Does Unnatural Food Produce Behavioral Problems?

Dr. Purushothaman
October 6, 2013

I adore children, and they seem to know it. Often, I can calm a crying child in a grocery store with a loving look and a smile. Although if they're really upset, sometimes a slight frown works best, as then they know that they have sympathy. I can recall a handful of times when this hasn't worked, but most of the time it does, and I'll do it whenever the opportunity arises. Within seconds, the cries will become sniffles as the child stares back at me. Within a minute, the child will be calm. Generally, just the child and I child will know what has happened.

There is, however, always an exception to the rule, and I had the experience of babysitting one of these exceptions a few years back. This child was unruly, demanding, and only four. Because I happened to know this child's preschool teacher, I knew how he behaved with me was not an isolated incident. It was his rule, not his exception.

One of the overtly demanding things this child did was demand to eat (and I do mean loudly demand, not ask or suggest.) He had made this demand a few minutes after he'd done something highly inappropriate, like I don't know, biting his baby brother. To be honest, I don't recall the reason that I had told him we weren't going to do anything he wanted until he had calmed down. And since that hadn't yet occurred, I wasn't backing down.

I do remember what he wanted to eat though: hot dogs.

When we did get something to eat, I gave him a banana. While looking for something to give him, I noticed that there was plenty of food available, but hardly any "real food." What I mean by real food is food from nature. Food that our bodies are designed to eat - not processed, manufactured foods from a bag, box, or can. Not foods that contain many chemicals and additives. It instantly became clear to me that his unnatural diet was largely, if not entirely, responsible for his behavior.

The child had been consuming chemical and processed foods his entire young life. He likely started with a sugary formula and then graduated to jarred baby food. Obviously missing from his diet were the foods that nature gave him to eat: large amounts of fruits, vegetables, and nuts.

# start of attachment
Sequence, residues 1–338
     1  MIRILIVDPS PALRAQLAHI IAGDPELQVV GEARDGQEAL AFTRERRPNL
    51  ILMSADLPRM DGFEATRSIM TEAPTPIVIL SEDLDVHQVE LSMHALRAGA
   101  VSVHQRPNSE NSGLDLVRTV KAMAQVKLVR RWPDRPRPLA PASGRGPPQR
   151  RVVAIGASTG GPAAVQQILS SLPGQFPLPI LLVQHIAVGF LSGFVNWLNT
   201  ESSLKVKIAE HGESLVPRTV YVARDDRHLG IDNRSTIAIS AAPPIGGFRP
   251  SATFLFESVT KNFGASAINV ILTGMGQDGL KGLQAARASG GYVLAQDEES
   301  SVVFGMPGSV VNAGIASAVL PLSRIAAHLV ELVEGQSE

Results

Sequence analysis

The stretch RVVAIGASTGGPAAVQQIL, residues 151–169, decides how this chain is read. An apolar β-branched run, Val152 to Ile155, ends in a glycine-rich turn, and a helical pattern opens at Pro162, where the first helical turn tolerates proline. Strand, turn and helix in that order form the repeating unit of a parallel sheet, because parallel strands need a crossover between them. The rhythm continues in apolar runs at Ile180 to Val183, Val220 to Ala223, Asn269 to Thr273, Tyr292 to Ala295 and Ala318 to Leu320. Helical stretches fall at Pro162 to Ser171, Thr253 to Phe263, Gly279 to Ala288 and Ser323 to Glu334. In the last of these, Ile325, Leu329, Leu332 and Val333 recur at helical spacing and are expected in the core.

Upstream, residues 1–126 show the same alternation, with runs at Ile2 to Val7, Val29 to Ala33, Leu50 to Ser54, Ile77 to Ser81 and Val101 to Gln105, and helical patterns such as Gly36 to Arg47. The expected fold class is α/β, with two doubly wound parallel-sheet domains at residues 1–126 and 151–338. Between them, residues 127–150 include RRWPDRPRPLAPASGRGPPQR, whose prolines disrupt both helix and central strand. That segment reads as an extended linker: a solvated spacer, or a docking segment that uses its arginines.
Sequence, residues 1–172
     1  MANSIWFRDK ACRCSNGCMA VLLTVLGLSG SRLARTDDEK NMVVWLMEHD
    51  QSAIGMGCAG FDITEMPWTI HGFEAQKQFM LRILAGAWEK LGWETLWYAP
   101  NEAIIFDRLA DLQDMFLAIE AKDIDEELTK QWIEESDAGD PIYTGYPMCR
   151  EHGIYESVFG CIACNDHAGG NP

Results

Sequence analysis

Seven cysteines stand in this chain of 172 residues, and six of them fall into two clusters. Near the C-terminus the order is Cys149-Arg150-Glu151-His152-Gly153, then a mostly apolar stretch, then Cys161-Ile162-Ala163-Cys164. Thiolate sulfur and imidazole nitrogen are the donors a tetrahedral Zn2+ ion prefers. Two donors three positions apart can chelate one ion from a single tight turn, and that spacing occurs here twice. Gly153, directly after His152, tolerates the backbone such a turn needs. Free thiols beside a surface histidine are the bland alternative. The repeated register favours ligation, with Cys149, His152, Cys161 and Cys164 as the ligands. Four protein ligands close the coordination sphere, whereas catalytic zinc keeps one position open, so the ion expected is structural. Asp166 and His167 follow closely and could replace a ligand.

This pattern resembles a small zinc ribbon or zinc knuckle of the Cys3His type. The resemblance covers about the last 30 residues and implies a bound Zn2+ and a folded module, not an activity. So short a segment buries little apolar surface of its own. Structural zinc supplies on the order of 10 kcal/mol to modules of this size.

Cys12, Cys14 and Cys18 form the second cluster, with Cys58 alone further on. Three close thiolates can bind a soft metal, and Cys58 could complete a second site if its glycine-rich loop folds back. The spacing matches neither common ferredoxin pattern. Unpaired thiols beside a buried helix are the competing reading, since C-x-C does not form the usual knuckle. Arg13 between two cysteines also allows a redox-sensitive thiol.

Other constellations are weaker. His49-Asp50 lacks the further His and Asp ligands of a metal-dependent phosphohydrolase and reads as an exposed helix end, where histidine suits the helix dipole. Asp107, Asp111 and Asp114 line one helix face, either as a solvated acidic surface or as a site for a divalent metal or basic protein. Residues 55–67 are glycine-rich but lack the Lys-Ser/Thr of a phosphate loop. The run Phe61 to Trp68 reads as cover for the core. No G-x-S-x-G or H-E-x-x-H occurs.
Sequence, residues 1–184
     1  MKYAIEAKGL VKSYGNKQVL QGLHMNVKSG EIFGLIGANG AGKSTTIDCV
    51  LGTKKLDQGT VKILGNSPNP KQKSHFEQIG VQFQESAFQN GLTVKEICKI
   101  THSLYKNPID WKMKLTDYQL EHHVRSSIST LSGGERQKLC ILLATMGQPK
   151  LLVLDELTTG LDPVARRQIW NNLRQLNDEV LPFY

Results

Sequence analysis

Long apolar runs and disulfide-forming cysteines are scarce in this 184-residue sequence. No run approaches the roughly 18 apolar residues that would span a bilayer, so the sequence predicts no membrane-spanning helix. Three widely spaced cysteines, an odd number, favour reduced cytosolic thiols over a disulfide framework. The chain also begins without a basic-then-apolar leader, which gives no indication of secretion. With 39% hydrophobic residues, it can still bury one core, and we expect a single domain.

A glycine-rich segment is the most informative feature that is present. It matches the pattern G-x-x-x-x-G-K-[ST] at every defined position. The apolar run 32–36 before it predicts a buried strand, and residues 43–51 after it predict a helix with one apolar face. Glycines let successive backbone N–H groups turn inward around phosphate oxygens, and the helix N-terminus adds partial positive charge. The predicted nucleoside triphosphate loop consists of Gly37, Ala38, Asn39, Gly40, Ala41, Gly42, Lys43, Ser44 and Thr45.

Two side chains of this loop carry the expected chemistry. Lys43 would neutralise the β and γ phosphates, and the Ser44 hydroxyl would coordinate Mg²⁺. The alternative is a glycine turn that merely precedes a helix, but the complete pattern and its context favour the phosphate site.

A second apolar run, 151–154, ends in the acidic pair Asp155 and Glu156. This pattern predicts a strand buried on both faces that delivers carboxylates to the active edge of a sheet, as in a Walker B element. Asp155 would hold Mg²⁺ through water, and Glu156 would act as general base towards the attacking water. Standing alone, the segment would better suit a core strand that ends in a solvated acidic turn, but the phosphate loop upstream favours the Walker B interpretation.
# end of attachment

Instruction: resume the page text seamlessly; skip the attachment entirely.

From the get-go, he may also have been missing mother's milk, which transfers to the child's probiotics, or the healthy bacteria for our gut. These healthy bacteria make up the foundation of our immune system and formula-fed kids aren't getting these healthy bacteria anywhere. (I'd like to raise my child without a properly functioning immune system please...)

My frustration with that unruly child turned to pity. My pity also went out to the child's parents, because I knew they wouldn't be doing this if they truly understood the consequence. They just didn't understand how much food plays a role in behavior, especially in a young child. And believe me, they were suffering too. They got to deal with these outbursts more than anyone.

When that child is a little older, someone will likely insist that he be placed on the drug Ritalin. Ritalin will only add more unnatural chemicals to his fragile little body, and as some have found, may even create irreversible brain damage.

All this from a problem that most likely could have been avoided and solved entirely by consistently choosing different foods at the grocery store, and ideally switching to an organic market. Of course, to keep meals simple and pleasurable, you might also need to learn a few simple food preparation techniques, but that's really not too much to ask. These small steps would have kept so many unnatural and often dangerous chemicals out of that small child's body - and away from his brain and nervous system.

As a society, and as parents, how can we expect to have healthy children when we're constantly feeding them unnatural chemicals while denying them the bounty of nature's foods which are full of the nutrients they need? Making the simple switch to whole, organic foods from nature can make a world of difference for your children - in their health and their behavior. If you stick to it, especially during the teenage years, it'll also save you more headaches than you can probably imagine.

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